"Assholes of the bird world"
swan drama, foreboding teeth dreams, and a short film for this liminal time
SOMETHING TO READ
Do you think swans are charming and chill, like the Sarah Lawrence dance majors of the animal kingdom? Think again. Apparently these creatures are actually the “assholes of the bird world,” according to writer Susan Orlean in this romp of an essay from The New Yorker: Blanche the unusually friendly swan.
Blanche (RIP, 1994—2023) was perhaps the most famous resident of the lagoon at the Palace of Fine Arts in San Francisco. Her mom was a swan called Friday, and her dad was a gender nonconforming individual who came to be known as—you are not ready for this—“Stella the Fella.” Stella and Friday were originally thought to be just lady swan friends. Roommates. But then the eggs. And more eggs. And, well, you know.
But here’s the thing—Blanche’s parents are not even close to the most Shakespearian thing about this story. There’s swan murder. A kidnapping. A Game of Thrones-style bird entanglement that I was absolutely not prepared for. A poisoning. A fake egg scandal. A truly terrible scene involving the long graceful neck of one bird named Monday II that I hope I will soon forget. Enjoy!
SOMETHING TO LISTEN TO
Fair warning: Snap Judgement’s latest 32-minute feature The Baton is a heart-crusher. With nuance and dignity, producer Liz Mak takes listeners through Rizal Shahputra’s extraordinary story of surviving nine days stranded at sea after a tsunami wiped out his entire village.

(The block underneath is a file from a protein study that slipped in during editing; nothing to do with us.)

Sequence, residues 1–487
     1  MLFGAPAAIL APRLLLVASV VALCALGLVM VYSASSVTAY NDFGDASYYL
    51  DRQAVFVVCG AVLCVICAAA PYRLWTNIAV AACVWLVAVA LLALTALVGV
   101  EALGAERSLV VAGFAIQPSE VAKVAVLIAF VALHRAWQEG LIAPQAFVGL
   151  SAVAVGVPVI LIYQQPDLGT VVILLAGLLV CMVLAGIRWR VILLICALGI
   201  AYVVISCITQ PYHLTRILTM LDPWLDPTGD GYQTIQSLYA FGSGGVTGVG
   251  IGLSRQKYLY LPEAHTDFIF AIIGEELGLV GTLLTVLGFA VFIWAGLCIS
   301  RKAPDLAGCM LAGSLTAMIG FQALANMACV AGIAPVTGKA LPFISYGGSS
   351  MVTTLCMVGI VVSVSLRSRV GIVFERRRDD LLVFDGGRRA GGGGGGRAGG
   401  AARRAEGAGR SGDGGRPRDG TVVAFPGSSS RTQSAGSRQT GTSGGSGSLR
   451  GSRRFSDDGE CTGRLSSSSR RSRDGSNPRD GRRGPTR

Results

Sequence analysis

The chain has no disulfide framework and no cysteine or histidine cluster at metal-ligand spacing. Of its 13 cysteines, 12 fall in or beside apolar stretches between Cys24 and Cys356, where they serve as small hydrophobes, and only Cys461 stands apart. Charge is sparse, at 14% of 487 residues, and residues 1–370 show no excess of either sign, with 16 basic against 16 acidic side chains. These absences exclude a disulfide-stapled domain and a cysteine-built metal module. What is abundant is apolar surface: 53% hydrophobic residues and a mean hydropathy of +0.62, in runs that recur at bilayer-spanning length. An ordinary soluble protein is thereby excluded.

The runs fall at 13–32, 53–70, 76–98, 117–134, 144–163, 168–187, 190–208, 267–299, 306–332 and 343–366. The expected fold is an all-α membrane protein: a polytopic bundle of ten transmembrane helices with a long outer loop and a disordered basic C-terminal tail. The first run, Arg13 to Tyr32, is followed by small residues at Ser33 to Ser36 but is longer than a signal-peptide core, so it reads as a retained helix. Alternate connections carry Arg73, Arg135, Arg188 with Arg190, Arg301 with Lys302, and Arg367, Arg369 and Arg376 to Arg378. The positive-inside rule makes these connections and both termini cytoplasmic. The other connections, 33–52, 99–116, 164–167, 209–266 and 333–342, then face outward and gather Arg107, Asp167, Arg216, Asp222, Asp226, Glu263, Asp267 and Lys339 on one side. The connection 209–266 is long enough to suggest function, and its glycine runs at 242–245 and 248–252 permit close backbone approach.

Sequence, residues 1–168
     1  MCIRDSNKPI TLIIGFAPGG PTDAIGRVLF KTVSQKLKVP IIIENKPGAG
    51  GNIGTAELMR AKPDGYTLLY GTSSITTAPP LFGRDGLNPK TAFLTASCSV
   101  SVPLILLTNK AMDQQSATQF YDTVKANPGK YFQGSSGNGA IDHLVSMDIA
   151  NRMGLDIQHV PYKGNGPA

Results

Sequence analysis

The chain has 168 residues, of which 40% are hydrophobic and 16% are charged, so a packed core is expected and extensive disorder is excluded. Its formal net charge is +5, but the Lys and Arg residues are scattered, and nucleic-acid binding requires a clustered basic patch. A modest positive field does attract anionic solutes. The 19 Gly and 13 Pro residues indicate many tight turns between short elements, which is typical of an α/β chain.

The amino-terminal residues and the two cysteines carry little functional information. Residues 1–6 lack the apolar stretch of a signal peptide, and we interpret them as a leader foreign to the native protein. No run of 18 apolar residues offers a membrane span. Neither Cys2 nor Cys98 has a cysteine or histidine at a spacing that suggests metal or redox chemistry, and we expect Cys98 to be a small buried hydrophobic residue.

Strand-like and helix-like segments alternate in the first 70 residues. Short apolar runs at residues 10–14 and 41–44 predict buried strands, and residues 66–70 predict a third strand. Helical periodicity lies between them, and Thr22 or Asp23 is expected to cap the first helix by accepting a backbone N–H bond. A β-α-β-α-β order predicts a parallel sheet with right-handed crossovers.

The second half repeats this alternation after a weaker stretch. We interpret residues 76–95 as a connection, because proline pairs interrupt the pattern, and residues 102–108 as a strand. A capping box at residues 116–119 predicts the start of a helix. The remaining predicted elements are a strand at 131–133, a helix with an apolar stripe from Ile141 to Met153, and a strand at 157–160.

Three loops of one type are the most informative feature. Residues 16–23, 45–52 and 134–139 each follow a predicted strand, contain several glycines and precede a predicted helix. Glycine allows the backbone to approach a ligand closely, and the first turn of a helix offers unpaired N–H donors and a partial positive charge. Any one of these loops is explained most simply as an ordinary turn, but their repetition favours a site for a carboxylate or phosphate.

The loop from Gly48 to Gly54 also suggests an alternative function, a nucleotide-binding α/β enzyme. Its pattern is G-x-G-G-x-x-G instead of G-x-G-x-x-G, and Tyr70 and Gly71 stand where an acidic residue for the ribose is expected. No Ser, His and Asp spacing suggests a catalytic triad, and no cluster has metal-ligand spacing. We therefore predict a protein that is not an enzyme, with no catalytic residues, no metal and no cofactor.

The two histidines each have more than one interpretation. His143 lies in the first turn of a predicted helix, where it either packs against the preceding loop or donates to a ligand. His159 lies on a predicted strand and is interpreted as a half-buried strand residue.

The story opens with a foreboding dream of teeth, and ends in both tragedy and triumph. There are children in coconut trees and a prayer to birds. A brief friend and a promise kept. The comfort of stars. The rage of being abandoned. Resilience despite that rage.
At the end of the piece, Mak asks Shahputra what he sees now, years later, when he looks at the ocean. His response is the exactly the kind of unlikely optimism that’s at the heart of this misfit dispatch. Make sure there’s tissues nearby before you hit play.
SOMETHING TO HOLD ON TO
It’s (finally? already?) March and we’re still rocking our wool socks and Crocs; but the citrus is still sweet in the grocery stores, and buds are starting the peek out on eager tree branches, and just maybe there’s something like thoughts of warm patio evenings with old friends and cold beers starting to sneak in. It’s a weird liminal time, but there’s quiet looking ahead in there too.
This short film captures exactly this cautiously joyful, late winter/early spring vibe and I love it. Plus, it adds to our apparent bird theme of today’s issue. Here’s No Reason, by Los Angeles-based artist animator Amanda Bonaiuto:
WE DID IT. WE SURVIVED FEBRUARY.
That’s a wrap on issue 95, friends. Thanks for listening, reading, holding on.
And thank you for our new paid subscribers and Unwed Mother Agenda supporters! It’s been a wild ride relaunching our misfit dispatch and finally putting this new (okay, it’s been 15-years-in-the-making) Family Court project out into the world over the last week.
My introvert self is feeling absolutely spent, and so deeply cared for by all of the love and support this RPR community has given back in response. Thank you, thank you, thank you.
See you next week.
Did you miss last week’s ROCK PAPER RADIO newsletter announcing The Unwed Mother Agenda? I’ve got you. Here it is: Sweet returns.